With the recent buzz about how rates of obesity and other health-related diseases are on the rise in an increasingly younger demographic of children, the discussion regarding healthy eating has not only become mainstream, it has also gone national.
There is now a nationwide attempt to reverse damage done to the health of the younger generation after years of advertising unhealthy and sugary-sweet beverages and consumables to children.
This, however, has not been without its issues and complaints.
Laura Lee, a mother of a 2-year-old boy, had sent her son to his nursery with his packed lunch.
To her surprise and anger, his meal was sent back home shortly thereafter, on the grounds that it was “too unhealthy.”
She then took to social media to complain in a comment that was a response to Plymouth Live story on Facebook, where teachers talked about some of the worst school lunches they had seen from their students.
At first glance, you may assume that perhaps the Lee was in the wrong.
With just how much sugar is hidden in foods catered towards young children (especially prepackaged snacks), it could have been possible that Lee had not realised just how much sugar there was in her son’s packed lunch.
However, looking at the photo she included of her son’s lunch tells a completely different story.
Looking inside it, the lunch appears relatively healthy, if possibly a little heavy in carbs.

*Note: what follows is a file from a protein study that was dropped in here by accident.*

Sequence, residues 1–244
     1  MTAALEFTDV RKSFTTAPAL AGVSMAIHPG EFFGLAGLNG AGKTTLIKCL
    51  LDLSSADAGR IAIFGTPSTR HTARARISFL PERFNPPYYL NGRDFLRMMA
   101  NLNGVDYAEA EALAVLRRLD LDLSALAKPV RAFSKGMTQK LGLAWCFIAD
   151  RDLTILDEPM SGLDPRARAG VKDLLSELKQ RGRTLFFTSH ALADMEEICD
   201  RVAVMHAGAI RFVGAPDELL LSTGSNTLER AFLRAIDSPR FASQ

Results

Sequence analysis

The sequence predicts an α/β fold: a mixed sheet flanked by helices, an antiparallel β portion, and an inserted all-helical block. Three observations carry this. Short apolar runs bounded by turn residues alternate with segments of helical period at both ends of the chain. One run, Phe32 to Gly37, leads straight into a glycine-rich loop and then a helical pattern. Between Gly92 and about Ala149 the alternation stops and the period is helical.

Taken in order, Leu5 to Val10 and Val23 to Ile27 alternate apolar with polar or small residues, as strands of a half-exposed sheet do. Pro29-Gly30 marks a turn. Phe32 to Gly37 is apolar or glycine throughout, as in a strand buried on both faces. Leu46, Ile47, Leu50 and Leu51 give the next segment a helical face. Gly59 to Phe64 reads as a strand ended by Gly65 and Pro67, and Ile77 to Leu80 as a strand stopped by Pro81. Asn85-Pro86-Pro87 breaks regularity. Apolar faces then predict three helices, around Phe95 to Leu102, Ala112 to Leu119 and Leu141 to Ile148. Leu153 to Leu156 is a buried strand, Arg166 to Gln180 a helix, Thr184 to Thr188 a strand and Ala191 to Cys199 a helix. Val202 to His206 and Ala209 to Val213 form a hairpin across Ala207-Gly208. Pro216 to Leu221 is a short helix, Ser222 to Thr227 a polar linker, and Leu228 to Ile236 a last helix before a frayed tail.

It includes a main course of some finger sandwiches, some cheese and crackers, an assorted side serving of colorful vegetables with some accompanying dip, and what seems to be a lovely, balanced dessert of three mini chocolate-chip cookies.
It is clear that a lot of thought and love went into packing this lunch, which raises even more questions as to how it was considered unhealthy.
This was certainly a sentiment shared by many other teachers and parents in the Facebook post’s comment section.
Many were bewildered that this was considered unhealthy, with a nursery worker commenting that she had seen much worse lunches packed for her charges before, and found this lunch perfect.
Most, including Lee, assumed that the packed lunch had been deemed unhealthy due to the presence of the three small cookies and considered that that was an absurd decision.
As it turns out, this was not an isolated incident either, and many parents soon came forward to share their experiences.
One parent named Christina Robin wrote about how her son’s drink was sent back home due to it being fizzy drink, even though it was simply just sparkling water.
To rub salt into the wound, parents pointed out that most school lunches are often much unhealthier than the packed lunch Lee had provided for her son.
The current association of schools with a child’s lunch arose when recent movements aimed to raise awareness and encourage healthy eating in schools.
As can be seen with this incident, some schools have taken this responsibility a step further, and have opted to monitor the packed lunches of their students.
Noble as these intentions may be, it seems to be that the criteria for ‘unhealthy’ needs to be adjusted somewhat.